Pokémon or Pocket Monsters come in hundreds of different varieties, categorized into
seventeen "types" including fire, water, dragon, bug, psychic, and my personal favorite, poison.
Most poisonous 'pokes are based on venomous plants and animals, but three special cases
are living, breathing embodiments of inanimate, man-made pollutants.
Grimer is the sludge Pokémon, a googly-eyed purple menace said to have been born when
industrial waste was exposed to "x-rays from the moon," because
SCIENCE. Craving a diet of
sewer water, its rubbery, goopy body is so saturated with bacteria and toxic fluids that the
slightest touch can cause serious illness and no plant life will grow in its wake. At level 38,
Grimer evolves into the bigger, meaner and even more virulent Muk, whose stench even seeps
out through a
pokéball container.
#4 - The Stink Spirit
Miyazaki's beautiful animated film Spirited Away tells the story of Sen, a little girl working at a
magical bath house where a variety of supernatural entities seek spa treatment. My personal
favorite is initially referred to as a
Stink Spirit, which causes quite the ruckus when it drops by
for a bath. Gorgeously animated, you can almost smell the monster yourself as it slops about the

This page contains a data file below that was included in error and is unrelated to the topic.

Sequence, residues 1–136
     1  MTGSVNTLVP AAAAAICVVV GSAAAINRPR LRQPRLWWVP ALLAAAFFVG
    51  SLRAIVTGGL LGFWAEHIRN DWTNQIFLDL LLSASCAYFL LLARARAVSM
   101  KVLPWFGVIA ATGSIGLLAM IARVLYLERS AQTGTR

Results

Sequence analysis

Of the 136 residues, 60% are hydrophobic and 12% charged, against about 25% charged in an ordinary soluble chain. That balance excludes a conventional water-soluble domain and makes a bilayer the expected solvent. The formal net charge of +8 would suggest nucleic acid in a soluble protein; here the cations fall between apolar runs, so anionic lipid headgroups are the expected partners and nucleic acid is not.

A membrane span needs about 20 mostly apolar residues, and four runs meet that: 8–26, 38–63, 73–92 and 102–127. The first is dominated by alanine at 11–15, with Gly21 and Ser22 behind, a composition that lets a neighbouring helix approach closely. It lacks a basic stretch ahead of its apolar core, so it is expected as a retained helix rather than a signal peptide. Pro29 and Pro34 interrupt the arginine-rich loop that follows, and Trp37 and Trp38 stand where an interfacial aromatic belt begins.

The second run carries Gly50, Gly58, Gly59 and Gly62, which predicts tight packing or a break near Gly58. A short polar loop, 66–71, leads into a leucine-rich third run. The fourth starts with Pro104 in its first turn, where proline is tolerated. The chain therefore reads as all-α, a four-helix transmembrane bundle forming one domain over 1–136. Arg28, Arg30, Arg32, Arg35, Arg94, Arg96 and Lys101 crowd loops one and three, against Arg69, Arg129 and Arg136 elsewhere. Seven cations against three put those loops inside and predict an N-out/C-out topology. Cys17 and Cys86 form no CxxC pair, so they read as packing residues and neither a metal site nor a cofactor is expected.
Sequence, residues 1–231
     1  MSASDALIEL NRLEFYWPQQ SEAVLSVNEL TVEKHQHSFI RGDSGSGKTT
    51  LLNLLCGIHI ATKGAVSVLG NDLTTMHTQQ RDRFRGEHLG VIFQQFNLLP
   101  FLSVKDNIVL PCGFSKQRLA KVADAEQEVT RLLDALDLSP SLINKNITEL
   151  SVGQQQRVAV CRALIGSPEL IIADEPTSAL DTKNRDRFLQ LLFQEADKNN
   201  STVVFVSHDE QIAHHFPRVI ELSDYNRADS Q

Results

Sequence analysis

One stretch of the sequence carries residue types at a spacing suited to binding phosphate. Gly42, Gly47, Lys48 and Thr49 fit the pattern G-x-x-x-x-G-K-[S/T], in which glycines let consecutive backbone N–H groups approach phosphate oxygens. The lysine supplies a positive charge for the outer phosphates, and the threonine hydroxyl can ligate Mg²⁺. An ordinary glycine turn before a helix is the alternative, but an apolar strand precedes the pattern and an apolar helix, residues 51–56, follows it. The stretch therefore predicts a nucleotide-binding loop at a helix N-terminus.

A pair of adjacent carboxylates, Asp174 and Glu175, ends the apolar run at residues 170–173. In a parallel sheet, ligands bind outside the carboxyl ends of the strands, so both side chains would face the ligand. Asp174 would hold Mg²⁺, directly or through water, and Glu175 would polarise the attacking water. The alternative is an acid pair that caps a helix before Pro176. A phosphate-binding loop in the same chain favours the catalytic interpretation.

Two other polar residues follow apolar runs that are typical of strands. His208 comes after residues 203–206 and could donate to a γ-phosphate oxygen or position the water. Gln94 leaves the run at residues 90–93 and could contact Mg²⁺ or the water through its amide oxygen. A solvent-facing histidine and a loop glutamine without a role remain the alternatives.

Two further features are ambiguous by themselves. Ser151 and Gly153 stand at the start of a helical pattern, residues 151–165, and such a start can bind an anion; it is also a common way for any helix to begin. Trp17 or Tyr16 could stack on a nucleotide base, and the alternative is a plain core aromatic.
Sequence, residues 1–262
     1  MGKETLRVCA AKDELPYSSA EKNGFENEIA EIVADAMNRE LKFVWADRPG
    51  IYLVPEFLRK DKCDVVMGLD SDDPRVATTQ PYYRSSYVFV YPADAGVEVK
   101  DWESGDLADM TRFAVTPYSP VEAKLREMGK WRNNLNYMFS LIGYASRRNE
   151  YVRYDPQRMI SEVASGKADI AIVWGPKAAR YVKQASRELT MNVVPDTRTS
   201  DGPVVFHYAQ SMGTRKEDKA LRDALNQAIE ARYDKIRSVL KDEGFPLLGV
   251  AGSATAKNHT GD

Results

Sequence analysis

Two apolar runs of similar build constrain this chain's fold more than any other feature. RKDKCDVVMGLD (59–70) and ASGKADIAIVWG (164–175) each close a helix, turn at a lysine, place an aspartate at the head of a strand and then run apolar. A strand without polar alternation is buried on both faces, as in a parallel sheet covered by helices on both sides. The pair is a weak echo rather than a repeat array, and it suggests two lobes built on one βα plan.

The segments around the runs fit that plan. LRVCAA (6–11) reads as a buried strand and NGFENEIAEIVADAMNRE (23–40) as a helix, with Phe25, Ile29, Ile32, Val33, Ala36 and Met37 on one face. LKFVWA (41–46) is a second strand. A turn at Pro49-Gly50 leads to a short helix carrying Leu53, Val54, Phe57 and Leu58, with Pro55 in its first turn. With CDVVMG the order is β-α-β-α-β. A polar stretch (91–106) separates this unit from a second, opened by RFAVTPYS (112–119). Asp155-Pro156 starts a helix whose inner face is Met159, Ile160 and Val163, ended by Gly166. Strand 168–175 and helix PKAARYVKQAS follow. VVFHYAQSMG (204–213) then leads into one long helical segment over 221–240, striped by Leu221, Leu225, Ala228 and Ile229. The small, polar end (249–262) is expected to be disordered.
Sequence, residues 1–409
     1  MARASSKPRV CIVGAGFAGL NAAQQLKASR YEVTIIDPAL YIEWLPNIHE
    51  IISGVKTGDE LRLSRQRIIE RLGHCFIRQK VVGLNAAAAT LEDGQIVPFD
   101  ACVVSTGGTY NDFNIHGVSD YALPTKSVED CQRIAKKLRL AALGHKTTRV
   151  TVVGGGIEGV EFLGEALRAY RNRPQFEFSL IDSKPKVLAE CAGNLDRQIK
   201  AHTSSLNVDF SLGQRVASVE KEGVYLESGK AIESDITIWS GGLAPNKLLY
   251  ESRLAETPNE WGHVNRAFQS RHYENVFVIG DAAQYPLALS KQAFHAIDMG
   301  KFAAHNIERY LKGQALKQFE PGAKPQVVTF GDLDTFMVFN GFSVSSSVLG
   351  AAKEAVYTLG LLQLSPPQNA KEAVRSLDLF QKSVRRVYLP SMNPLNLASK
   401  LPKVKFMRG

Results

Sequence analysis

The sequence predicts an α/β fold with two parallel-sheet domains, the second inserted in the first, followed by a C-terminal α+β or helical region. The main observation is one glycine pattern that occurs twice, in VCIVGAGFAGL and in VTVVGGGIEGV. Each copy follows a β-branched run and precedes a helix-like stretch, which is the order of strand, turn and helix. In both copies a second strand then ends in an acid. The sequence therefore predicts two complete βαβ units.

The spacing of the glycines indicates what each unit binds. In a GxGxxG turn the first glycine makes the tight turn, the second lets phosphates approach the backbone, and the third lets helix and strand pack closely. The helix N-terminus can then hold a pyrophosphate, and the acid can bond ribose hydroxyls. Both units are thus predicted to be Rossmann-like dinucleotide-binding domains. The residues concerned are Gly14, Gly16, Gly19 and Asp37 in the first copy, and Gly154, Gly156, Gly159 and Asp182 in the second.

screen, writhing innumerable little pseudopodia and sweating thick, syrupy globules of purple
pus. It's a design as beautiful and lovable as it is gross, though unfortunately only
(minor plot spoilers follow)
One of my favorite movies as a kid, Fern Gully: the Last Rainforest was a big budget attempt
to spread the message of environmentalism to a young generation, noble in its effort but
arguably misguided in its approach. Set in New Guinea if the wildlife is any indication, the film
reveals that humans once lived in harmony with nature and the magical fairies who protect it,
until a terrible disaster tore the two races apart...a disaster performed by the vocal talents of
Tim Curry.
Hexxuss, the "spirit of destruction," is the very embodiment of poison, a spiteful godlike entity
whose fixation on toxic waste borders on a sexual fetish if his
classic villain song is any
indication. Imprisoned for centuries in an old tree, Hexxuss is accidentally freed by a logging
operation as a sort of tiny "larva," a wormy clump of ooze with such a neat appearance that I
stole it as an
imaginary friend after my first viewing.
Arriving to Earth as a meteorite laden with extraterrestrial spores, Hedorah begins its wave of